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dc.contributor.author Gliboff, Sander en
dc.date.accessioned 2016-04-06T11:12:59Z en
dc.date.available 2016-04-06T11:12:59Z en
dc.date.issued 2015 en
dc.identifier.uri http://hdl.handle.net/2022/20790 en
dc.description.abstract Mendel's paper as part of a large body of nineteenth-century literature on practical plant- and animal breeding and experimental hybridization, which contained a confusing and contradictory assortment of observations on heredity, some in line with Mendel’s, but most not. After 1900, this literature was, in a sense, rediscovered along with Mendel, and it then played a dual role. For critics like W. F. R. Weldon, the non-Mendelian cases falsified Mendel’s laws. But for Mendel’s three co-rediscoverers, William Bateson, and others, they represented challenges to be met within a research program that would modify and extend Mendel’s system and establish a new scientific discipline. en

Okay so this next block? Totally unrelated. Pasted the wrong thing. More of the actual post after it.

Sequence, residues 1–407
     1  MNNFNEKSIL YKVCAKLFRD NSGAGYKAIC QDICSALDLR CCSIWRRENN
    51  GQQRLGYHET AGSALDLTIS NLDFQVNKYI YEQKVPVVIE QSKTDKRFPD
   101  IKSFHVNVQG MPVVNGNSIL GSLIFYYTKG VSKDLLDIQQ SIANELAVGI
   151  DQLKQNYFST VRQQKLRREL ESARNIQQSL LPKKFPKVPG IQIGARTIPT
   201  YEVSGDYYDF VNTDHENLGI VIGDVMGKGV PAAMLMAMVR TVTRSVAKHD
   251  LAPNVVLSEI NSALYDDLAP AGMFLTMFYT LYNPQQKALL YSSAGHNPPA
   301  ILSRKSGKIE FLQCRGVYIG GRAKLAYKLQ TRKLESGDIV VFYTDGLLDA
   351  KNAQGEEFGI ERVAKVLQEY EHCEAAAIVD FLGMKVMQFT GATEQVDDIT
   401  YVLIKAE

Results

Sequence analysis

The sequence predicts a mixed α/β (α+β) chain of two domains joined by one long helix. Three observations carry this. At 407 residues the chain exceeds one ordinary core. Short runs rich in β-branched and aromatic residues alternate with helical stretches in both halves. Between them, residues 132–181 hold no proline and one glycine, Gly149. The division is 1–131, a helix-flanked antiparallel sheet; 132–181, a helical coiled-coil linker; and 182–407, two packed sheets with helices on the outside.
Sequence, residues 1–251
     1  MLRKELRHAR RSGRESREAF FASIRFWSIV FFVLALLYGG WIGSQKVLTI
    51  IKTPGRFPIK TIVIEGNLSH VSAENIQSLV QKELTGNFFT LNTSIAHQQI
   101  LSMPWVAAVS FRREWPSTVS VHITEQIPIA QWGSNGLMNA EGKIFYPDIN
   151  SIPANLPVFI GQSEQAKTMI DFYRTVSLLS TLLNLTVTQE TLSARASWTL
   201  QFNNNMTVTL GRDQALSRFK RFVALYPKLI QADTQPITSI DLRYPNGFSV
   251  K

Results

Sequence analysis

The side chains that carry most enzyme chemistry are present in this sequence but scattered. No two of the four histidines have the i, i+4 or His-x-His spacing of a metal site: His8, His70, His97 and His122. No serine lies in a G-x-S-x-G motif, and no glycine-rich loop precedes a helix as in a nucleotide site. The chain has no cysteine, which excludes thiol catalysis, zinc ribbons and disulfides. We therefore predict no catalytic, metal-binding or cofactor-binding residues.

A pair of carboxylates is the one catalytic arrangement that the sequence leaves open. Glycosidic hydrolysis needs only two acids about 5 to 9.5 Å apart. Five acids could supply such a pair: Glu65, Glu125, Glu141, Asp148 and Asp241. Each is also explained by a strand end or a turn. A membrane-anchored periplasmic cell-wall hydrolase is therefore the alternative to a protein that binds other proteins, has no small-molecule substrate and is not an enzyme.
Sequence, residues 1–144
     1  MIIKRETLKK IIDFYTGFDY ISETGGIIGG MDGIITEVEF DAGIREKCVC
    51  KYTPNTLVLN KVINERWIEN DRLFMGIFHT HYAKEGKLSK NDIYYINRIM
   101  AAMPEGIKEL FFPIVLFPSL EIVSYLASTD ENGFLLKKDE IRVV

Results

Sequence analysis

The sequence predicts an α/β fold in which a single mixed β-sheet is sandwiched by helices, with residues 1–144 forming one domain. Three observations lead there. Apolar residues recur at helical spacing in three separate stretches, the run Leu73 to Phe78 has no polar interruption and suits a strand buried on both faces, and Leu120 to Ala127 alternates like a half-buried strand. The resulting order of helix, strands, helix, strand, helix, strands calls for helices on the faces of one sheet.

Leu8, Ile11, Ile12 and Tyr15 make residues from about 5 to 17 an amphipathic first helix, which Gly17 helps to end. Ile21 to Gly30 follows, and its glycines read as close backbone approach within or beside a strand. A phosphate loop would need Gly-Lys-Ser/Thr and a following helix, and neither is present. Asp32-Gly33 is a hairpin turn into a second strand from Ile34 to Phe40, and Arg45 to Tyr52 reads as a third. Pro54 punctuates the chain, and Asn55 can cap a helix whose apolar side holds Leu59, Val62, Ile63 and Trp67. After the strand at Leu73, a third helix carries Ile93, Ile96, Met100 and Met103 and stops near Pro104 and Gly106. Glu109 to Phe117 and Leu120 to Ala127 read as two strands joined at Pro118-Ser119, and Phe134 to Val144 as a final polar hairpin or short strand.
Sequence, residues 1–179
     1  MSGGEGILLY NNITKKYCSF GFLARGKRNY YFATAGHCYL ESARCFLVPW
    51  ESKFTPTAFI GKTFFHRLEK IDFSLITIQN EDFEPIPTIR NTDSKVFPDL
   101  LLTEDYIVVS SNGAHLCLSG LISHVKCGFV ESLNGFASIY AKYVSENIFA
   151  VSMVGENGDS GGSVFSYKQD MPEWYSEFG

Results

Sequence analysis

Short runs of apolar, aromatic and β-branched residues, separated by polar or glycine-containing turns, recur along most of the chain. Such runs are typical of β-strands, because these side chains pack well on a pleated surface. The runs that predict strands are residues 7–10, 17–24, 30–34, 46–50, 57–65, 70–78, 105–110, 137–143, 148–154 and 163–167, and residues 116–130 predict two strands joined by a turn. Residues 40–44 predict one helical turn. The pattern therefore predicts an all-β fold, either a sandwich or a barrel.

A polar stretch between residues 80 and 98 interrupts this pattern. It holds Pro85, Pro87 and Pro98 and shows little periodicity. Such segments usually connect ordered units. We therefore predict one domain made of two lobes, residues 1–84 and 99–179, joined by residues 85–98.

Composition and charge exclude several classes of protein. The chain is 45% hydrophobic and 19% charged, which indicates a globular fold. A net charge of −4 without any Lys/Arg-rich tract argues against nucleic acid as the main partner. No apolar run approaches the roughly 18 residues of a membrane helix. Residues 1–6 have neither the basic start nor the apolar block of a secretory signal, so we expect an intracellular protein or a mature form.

dc.language.iso en_US en
dc.relation.isversionof Sander Gliboff, "The Mendelian and Non-Mendelian Origins of Genetics," Filosofia e História da Biologia 10, no. 1 (2015): 99–123 en
dc.relation.uri http://www.abfhib.org/FHB/FHB-10-1/FHB-10-1-07-Sander-Gliboff.pdf en
dc.subject Genetics en
dc.subject Mendelism en
dc.subject Gregor Mendel en
dc.subject Carl Correns en
dc.subject Hugo de Vries en
dc.subject Erich von Tschermak-Seysenegg en
dc.subject William Bateson en
dc.title The Mendelian and Non-Mendelian Origins of Genetics en
dc.type Article en
dc.altmetrics.display false en


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